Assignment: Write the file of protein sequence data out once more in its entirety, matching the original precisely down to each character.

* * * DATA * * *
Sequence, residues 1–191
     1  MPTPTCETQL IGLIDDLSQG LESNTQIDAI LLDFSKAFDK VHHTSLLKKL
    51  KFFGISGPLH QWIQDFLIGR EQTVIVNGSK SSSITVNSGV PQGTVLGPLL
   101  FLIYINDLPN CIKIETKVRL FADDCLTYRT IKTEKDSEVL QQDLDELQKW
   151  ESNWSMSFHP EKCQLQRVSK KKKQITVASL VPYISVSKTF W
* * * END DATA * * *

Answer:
Sequence, residues 1–191
     1  MPTPTCETQL IGLIDDLSQG LESNTQIDAI LLDFSKAFDK VHHTSLLKKL
    51  KFFGISGPLH QWIQDFLIGR EQTVIVNGSK SSSITVNSGV PQGTVLGPLL
   101  FLIYINDLPN CIKIETKVRL FADDCLTYRT IKTEKDSEVL QQDLDELQKW
   151  ESNWSMSFHP EKCQLQRVSK KKKQITVASL VPYISVSKTF W